Monitoring conditions 24/7

The change is a significant step forward. Tiina Sonninen explains: “The thermohygrometers measured temperature and humidity, creating a printed record for the local parish personnel to review. However, the ink or paper could run out. Vaisala’s viewLinc system keeps track of the conditions around the year and around the clock. Thanks to the system, myself and the key people in the Foundation and the maintenance team can get accurate information about conditions in the mausoleum remotely – anywhere, anytime.” 

The viewLinc software is installed on a server PC to monitor data from the loggers that are placed in the mausoleum. After logging in, users can access the accumulated condition data with a regular browser on their PC or phone. 
“The monitoring system is very easy to use. The system sends us an alert if there are changes in circumstances that exceed the reference values we have set. This allows us to make immediate changes to the heating and air conditioning settings if we notice humidity increasing too much,” says Sonninen.  

The measurements are stored in viewLinc’s secure database and can be revisited later as needed. Sonninen explains that it is possible, for instance, to study how the combination of visitor numbers and weather conditions affects the conditions in the mausoleum. 

“On very rainy and snowy days, people bring in plenty of moisture. The data recorded from such days can be used to examine whether this raises the humidity inside the mausoleum too much, and whether it would be good to limit the number of visitors on very wet days,” she says.  

The viewLinc software allows several levels of permission with user roles that limit what users can do. For example, a role can allow setting and changing the threshold values, or only following-up on the alerts. 

System leaves surfaces untouched 

The viewLinc wireless monitoring system is particularly suited for a variety of cultural sites such as museums, churches, and other historic buildings because its installation does not require modifications such as drilling holes for the wires. With the delicate sandstone and marble walls of the Jusélius Mausoleum this was a great advantage.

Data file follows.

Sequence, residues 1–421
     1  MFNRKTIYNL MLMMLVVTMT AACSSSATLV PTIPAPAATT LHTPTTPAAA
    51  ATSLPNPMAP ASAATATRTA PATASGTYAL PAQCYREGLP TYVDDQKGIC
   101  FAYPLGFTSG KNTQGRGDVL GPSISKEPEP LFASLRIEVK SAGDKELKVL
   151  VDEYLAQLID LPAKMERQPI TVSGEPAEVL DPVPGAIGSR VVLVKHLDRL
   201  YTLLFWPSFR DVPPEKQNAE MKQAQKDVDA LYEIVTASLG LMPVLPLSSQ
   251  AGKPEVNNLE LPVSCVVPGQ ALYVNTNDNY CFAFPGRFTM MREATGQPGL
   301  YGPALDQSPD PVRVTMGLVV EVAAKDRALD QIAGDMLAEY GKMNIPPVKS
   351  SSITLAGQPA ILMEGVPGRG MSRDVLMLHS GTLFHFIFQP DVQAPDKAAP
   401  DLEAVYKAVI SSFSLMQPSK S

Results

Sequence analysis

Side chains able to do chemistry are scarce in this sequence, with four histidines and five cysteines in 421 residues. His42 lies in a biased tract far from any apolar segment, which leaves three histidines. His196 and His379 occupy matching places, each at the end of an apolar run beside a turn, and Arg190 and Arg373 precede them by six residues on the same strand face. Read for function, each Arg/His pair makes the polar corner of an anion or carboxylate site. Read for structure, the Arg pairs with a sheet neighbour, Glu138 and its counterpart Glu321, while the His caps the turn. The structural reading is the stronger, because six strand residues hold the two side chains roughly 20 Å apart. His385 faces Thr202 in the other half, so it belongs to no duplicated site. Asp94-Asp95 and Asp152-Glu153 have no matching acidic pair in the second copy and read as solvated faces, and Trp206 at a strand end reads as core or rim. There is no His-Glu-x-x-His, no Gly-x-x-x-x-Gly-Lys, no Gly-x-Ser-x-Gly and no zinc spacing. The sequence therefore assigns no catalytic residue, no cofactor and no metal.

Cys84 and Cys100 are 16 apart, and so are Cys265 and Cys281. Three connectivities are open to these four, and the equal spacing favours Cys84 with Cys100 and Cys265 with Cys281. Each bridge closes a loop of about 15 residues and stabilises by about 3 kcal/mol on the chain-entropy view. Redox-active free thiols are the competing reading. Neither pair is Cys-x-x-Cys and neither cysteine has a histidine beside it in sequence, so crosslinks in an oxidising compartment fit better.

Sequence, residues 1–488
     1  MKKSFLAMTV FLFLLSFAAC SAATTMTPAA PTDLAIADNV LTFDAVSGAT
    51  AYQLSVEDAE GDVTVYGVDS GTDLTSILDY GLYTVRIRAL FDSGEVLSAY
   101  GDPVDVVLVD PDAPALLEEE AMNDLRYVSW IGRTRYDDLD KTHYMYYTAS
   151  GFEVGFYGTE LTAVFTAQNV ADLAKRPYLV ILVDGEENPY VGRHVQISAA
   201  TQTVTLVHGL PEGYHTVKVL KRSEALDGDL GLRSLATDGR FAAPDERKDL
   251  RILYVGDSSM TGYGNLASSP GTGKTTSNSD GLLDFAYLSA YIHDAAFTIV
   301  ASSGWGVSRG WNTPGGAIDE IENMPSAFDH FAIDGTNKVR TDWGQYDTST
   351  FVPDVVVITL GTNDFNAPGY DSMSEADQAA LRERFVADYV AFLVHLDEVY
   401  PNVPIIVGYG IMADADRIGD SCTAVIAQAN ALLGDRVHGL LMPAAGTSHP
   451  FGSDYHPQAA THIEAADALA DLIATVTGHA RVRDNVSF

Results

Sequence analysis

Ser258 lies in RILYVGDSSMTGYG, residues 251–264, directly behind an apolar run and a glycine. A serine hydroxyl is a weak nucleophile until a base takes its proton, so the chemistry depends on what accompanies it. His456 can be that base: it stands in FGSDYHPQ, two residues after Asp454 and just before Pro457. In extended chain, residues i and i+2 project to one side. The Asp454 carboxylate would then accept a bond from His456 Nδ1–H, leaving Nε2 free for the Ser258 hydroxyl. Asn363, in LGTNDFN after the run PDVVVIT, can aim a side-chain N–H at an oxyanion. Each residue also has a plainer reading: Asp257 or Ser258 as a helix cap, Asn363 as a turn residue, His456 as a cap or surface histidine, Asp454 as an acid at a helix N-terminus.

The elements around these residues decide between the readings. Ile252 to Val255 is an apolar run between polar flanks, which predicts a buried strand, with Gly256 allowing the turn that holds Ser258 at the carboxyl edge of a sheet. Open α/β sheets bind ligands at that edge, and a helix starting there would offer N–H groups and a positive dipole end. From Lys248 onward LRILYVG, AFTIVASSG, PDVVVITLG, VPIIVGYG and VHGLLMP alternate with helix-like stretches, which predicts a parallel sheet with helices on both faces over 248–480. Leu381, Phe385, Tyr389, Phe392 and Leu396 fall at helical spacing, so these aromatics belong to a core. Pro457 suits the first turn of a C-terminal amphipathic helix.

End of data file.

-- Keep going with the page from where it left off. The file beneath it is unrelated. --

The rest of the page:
There are two Vaisala RFL100 data loggers in the mausoleum, one on both floors. They continuously collect information about the temperature and humidity and transmit it to the VaiNet AP10 access point. These discreet devices were hung on hooks already placed on the walls. 
From the access point, the data is transferred to a computer that is in the storage room of the nearby chapel. The computer then transfers the data to the cloud service. The system is flexible and future-proof as it can be extended by adding loggers.

Product info

Vaisala viewLinc Monitoring System at the Jusélius Mausoleum consists of
1. viewLinc software
The software compiles data from sensors placed in the monitored environment. System users can set thresholds for temperature and humidity and receive excursion alerts by email, SMS, or phone. Automated reports can be set up and scheduled for email delivery to appropriate personnel. The viewLinc monitoring system is ideal in applications ranging from industrial environments to historic sites and museums. The system integrates a wide selection of data loggers, transmitters, and Modbus devices to monitor temperature, relative humidity, dew point temperature, CO2, differential pressure, door contacts, and more. 
2. Two RFL100 Data Loggers
Wireless RFL100 Data Loggers monitor temperature and humidity. They use Vaisala’s proprietary VaiNet wireless technology. In addition to historic sites, the data loggers can monitor temperature and humidity in a wide range of environments: warehouses, production areas, cleanrooms, laboratories, fridges, cold storage areas, and freezers down to -196 °C (-320.8 °F).

3. AP10 Access Point
The VaiNet Access Point AP10 is a networking device for Vaisala's VaiNet radio protocol. One AP10 can connect multiple RFL100 data loggers to Vaisala viewLinc Monitoring System.